Micropatterning can also control a cell’s size and shape. Here Thery and colleagues apply adhesive molecules (e.g., fibronectin) on glass slides in varies shapes—a “T” (top right) or an “H” (bottom right). When they plate one or two cells onto the micropattern, they adopts a convex “envelop” shape around the whole micropattern: the single cell becomes triangular on a T pattern and the cell doublet forms a square on the H. If they “draw” a micropattern near a fixed cell on the plate (left), the cell progressively spreads on this new bar and assembles stress fibers attached to its extremity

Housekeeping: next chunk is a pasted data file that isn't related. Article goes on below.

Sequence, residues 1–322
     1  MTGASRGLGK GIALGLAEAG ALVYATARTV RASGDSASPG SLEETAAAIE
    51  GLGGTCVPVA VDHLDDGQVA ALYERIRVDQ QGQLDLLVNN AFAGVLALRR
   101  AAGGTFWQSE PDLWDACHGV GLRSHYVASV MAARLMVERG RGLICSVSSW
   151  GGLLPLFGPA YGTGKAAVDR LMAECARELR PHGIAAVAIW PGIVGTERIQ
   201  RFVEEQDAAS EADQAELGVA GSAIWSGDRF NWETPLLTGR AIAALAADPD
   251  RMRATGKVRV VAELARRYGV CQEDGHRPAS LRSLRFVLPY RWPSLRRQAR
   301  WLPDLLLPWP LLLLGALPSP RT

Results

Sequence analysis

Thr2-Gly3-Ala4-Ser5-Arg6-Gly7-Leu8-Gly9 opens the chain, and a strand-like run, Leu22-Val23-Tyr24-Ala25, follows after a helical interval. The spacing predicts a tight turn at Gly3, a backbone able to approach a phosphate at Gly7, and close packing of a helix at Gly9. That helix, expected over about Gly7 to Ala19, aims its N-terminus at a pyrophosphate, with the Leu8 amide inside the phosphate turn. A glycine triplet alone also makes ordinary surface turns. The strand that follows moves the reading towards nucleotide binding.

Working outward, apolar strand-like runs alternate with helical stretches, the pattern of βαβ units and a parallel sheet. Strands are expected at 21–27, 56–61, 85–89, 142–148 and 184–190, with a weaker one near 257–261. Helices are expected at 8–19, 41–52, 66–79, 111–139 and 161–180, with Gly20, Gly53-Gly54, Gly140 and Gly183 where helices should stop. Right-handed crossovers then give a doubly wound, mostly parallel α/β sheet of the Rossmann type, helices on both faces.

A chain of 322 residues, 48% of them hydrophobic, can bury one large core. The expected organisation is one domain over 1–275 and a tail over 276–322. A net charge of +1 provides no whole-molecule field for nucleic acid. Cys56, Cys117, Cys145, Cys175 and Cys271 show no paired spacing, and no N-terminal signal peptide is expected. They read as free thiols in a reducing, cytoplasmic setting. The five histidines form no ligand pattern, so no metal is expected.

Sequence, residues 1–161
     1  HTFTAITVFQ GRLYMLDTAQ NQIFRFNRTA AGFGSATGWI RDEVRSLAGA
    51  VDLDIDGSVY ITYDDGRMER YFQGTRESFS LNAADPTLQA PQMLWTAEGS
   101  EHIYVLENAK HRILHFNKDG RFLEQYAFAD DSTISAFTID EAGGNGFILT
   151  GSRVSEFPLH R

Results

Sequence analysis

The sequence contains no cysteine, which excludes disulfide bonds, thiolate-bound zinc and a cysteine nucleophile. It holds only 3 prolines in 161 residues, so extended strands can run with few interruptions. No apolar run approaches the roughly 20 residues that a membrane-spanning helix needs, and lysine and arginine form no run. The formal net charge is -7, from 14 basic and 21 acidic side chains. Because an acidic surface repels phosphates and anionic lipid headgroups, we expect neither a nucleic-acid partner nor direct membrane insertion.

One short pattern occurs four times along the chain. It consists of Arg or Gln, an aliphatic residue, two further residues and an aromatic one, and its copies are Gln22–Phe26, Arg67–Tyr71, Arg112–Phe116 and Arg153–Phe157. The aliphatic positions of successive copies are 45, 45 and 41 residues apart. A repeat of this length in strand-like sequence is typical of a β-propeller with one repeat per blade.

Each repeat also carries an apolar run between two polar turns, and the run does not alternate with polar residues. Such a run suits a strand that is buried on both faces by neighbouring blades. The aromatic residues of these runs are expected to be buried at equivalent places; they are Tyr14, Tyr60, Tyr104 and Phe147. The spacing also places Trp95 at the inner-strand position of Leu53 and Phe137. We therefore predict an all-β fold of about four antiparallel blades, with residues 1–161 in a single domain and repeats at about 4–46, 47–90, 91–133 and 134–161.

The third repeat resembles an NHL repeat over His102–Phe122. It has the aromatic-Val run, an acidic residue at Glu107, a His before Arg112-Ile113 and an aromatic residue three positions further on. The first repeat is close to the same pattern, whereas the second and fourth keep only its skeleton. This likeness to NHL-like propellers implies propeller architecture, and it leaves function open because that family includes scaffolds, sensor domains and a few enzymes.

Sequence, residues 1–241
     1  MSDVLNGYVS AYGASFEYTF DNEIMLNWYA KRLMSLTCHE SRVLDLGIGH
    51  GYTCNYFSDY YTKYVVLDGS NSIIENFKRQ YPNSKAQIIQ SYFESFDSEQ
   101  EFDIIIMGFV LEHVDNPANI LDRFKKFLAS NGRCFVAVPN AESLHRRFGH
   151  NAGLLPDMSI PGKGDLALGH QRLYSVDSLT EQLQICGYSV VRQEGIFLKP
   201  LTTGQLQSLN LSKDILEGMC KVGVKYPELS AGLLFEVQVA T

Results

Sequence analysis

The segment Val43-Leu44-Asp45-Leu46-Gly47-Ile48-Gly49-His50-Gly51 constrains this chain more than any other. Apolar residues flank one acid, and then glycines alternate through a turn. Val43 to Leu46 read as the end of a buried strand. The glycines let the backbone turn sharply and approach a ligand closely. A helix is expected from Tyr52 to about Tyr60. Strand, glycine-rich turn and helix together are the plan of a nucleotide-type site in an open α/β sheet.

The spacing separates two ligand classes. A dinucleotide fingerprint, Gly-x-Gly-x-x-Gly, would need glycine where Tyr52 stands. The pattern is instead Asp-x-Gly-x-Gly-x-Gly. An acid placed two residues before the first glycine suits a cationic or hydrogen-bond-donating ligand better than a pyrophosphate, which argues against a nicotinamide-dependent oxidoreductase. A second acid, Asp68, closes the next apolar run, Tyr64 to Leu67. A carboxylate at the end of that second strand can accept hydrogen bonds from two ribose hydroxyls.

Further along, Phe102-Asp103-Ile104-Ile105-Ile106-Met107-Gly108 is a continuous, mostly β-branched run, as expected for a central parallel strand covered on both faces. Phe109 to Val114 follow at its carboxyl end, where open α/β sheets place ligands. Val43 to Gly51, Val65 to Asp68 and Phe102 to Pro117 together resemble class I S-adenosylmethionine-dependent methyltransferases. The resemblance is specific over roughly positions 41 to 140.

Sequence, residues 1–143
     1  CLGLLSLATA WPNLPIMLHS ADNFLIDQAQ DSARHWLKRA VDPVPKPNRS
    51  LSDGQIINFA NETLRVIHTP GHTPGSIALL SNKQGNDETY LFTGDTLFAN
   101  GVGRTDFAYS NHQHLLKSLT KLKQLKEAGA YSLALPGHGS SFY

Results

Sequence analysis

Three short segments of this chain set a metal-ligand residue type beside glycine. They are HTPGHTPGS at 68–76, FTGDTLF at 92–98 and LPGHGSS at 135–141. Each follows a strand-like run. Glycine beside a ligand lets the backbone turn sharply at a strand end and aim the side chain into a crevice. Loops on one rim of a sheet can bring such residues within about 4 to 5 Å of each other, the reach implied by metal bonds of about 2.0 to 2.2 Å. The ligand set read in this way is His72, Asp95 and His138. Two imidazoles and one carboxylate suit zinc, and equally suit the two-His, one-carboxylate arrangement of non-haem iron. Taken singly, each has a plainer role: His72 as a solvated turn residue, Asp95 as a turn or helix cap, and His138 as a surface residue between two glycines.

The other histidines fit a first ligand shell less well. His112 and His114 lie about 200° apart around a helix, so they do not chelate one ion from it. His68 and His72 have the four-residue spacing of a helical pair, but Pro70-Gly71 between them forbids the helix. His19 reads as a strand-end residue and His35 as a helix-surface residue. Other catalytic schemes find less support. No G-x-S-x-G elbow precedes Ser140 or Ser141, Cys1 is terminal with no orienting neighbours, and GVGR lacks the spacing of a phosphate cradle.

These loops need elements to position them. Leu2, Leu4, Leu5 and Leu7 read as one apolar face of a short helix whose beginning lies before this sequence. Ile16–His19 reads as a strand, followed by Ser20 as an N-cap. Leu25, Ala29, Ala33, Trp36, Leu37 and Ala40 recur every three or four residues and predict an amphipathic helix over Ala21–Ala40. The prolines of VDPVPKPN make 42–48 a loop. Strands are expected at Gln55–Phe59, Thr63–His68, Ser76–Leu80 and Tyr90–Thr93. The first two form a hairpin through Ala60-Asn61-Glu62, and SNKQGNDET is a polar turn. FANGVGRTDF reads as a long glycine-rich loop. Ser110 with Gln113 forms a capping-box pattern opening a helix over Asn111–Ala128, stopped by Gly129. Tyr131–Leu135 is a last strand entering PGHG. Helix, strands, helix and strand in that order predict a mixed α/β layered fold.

Left: A RPE1 cell expresses LifeAct-GFP, which labels the actin network in living cells. After the micropattern is drawn near the cell, images were acquired every 20 minutes with an inverted TE2000 Nikon microscope (100x oil objective). Colors arbitrarily designate each stage of reprogramming.
Right: Single RPE1 cells on the T (top) and an MCF10A cell doublet on the H (bottom) were permeabilized and fixed with paraformaldehyde after plated on the micropatterned glass slide. The actin network and focal adhesions are labeled green (phaloidin-FITC) and red (antibodies against vinculin or paxilin), respectively, while intercellular junctions are labeled white with antibodies agaisnt &bega;-catenin. Images acquired with a Leica DMRA microscope (100X oil objective).